In part one of this series, I introduced the following model as a representation of how proficient readers are able to make full use of both the print information and the meaning information in a text.
I also described two variations on reading process, which illustrate the ways students may be better at using one or the other source of information.
Look closely! What happened to all the missing socks?
Author: Jan Burkins & Kim Yaris
Illustrator: Marce Gómez & David Silva
Reading Level: A
Here are some highlights from the collection:
There is one title that is specifically about starting school. It is a Level E text about a peacock who is nervous about the start of school and afraid to display his feathers. When his teacher asks him to introduce himself and share one thing he is good at, he is much too shy. After making friends on the playground, he musters his courage and shows his true self.
There are three titles in the collection that relate to mindfulness. Happy (Level C) is about a little girl who is exploring different kinds of happiness, such as the calm happiness of a breeze vs. the palpable happiness of a surprise birthday party. Hurry Up, Slow Down (Level D) is about a little girl who is walking to school with her father and is caught up in the simple beauty around her. Finally, Everyday Beautiful (Level H) is about two boys who have been asked to find something beautiful. One boy overlooks the natural beauty around him while another shows him how simple things can be beautiful.
There are five titles in the collection that use science related to light and shadows to tell a story. They range in levels from C-J. We wrote these to align with science standards. If you teach light and shadows, you may find these texts a nice way to integrate your science content into your reading instruction.
If you already have the Who's Doing the Work? K-2 Lesson Sets, these digital versions of some of the books should be helpful. Although you don't need the lessons to use the books, if you are interested in the lessons that go with the books, they are available from Stenhouse Publishers.
For the last couple of weeks I have been making something for you.
Inspired by my son's pen pal relationship this summer, I ordered every book I could find that involved characters who write letters. I read them all carefully, considering how some could work together around the theme, Mail Myself to You.
Finally, I wrote a set of K-5 lessons--including Reading Art, Read Aloud, Shared Reading, Small Group Instruction, and Independent Reading. I've assembled these lessons in a tabbed hyperdoc--a pdf that links to sections within the document, as well as to sources outside the document. It includes videos of me describing the books and the lessons, written descriptions of each lesson, and ideas for extension. The lessons are clustered: kindergarten-1st, 2nd-3rd, and 4th-5th.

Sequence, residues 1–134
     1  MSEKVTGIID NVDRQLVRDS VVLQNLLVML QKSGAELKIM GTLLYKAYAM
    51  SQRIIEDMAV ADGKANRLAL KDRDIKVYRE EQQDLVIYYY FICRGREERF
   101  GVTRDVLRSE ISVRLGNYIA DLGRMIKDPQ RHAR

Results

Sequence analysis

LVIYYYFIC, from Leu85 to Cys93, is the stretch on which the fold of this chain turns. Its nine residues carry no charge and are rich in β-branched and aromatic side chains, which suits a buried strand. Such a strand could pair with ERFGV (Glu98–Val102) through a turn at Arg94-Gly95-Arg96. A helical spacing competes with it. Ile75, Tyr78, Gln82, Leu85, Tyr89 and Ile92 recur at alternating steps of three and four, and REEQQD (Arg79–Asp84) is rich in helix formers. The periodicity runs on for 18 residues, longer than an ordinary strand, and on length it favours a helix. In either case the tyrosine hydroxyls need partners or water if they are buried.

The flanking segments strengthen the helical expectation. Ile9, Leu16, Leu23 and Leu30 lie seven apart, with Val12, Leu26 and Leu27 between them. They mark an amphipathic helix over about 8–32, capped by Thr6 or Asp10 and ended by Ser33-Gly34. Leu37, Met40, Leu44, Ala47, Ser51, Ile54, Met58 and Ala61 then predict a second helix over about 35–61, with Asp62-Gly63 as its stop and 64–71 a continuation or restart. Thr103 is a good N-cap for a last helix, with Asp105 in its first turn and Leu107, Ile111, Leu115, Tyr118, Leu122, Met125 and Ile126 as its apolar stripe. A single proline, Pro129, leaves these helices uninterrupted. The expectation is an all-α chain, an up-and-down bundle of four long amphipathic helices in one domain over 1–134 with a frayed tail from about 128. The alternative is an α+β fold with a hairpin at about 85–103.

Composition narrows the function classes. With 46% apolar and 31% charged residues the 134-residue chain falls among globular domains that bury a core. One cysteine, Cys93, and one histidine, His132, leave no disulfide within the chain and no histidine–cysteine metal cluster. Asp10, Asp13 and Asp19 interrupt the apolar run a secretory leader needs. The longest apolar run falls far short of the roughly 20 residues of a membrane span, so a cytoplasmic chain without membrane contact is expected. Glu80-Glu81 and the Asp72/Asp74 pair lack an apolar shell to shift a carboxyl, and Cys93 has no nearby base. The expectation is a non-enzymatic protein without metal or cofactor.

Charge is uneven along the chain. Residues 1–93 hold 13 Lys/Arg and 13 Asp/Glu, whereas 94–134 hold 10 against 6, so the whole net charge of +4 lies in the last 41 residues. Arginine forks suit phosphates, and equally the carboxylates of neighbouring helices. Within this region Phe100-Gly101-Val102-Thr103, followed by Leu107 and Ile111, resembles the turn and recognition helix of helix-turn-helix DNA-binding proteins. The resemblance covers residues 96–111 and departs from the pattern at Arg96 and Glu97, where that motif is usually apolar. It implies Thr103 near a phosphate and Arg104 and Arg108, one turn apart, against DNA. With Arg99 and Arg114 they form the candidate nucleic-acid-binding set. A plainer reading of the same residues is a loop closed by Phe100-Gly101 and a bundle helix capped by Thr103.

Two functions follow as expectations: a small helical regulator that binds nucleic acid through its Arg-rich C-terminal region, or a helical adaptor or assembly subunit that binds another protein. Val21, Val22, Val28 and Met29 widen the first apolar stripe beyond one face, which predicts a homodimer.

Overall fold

The lessons are free, with a subscription to my blog/newsletter. If you complete the contact form below, I will email you personally, including the 25-page, linked PDF as an attachment (Please, give me 24 hours to respond). Or, if you want to write to me directly to request the document, my email is firstname.lastname@example.org.
I am excited to share this collection of resources with you. They have been a labor of love.
Wishing you all good things,
Here's what you will need:
- Tracing paper (I used parchment paper out of the kitchen, but any thin paper will do.)
- A pencil or pen that won't bleed
- Adhesive/removable film. I used Cricut Removable Vinyl.
Here's the process:
- Choose a book. You will need books where the faces of the characters are large enough on the cover. You need their faces to be unobstructed by their hands or the faces of other characters (unless you want to do a more complicated masking job). Also, the placement of their eyes, nose, and mouth matter. If the nose is almost on the same plane as the eyes, then it becomes hard to draw a mask on the face. I was also intentional about selecting books with slick covers, as it seems that would make it easier to eventually remove the masks.
- Trace the face. Use tracing paper to trace the face of the character on the cover. I found it helpful to include the ears, eyes, and mouth. I even traced the hair, just because it gave me a better sense of how the final product would look.
- Draw the mask. Draw a mask on the tracing of the face. Start from the top of one ear and go to the top of the next. Repeat, drawing a line from the bottom of one ear to the next. On the sides, the mask curves in. You will have to modify this, depending on how the characters are drawn. For example, I put a mask on a bear and a fox, neither of which had ears that easily translated to drawing a mask.
- Trim the tracing. Trim down your drawing by cutting widely around the mask. This will involve cutting up the drawing of the face, which is okay, since you are only going to need the mask.
- Cut the vinyl. Cut a piece of vinyl a little larger than the mask. Put the vinyl behind your drawing. If your vinyl and your tracing paper were both in rolls, you may find it helpful to make sure they are both curved in the same direction, so that they don't fight each other. Also, when I used a light color, such as yellow, I found I had to double the vinyl.
- Cut out the mask. With the drawing against the vinyl, cut through both to cut out the mask. You will have to make sure that you don't let them wiggle, but keep the same alignment through the whole process.
- Adhere the mask. Remove the backing from the vinyl. The adhesive vinyl I used was pretty forgiving; I could pull it off and reaffix it as I needed to. There was a bit of trial and error with applying each of the masks.